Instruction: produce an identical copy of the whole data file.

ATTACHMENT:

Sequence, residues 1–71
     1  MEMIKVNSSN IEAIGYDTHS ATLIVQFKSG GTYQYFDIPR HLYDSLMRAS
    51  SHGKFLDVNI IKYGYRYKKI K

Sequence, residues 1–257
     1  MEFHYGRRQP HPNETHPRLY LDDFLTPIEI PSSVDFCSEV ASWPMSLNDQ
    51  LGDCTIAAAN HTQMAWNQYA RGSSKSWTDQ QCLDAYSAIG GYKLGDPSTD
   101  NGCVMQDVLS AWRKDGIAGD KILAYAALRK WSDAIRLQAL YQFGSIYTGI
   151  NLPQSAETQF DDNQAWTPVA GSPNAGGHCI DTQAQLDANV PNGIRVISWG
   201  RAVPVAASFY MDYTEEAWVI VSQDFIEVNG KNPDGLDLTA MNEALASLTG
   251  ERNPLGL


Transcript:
Sequence, residues 1–71
     1  MEMIKVNSSN IEAIGYDTHS ATLIVQFKSG GTYQYFDIPR HLYDSLMRAS
    51  SHGKFLDVNI IKYGYRYKKI K

Sequence, residues 1–257
     1  MEFHYGRRQP HPNETHPRLY LDDFLTPIEI PSSVDFCSEV ASWPMSLNDQ
    51  LGDCTIAAAN HTQMAWNQYA RGSSKSWTDQ QCLDAYSAIG GYKLGDPSTD
   101  NGCVMQDVLS AWRKDGIAGD KILAYAALRK WSDAIRLQAL YQFGSIYTGI
   151  NLPQSAETQF DDNQAWTPVA GSPNAGGHCI DTQAQLDANV PNGIRVISWG
   201  RAVPVAASFY MDYTEEAWVI VSQDFIEVNG KNPDGLDLTA MNEALASLTG
   251  ERNPLGL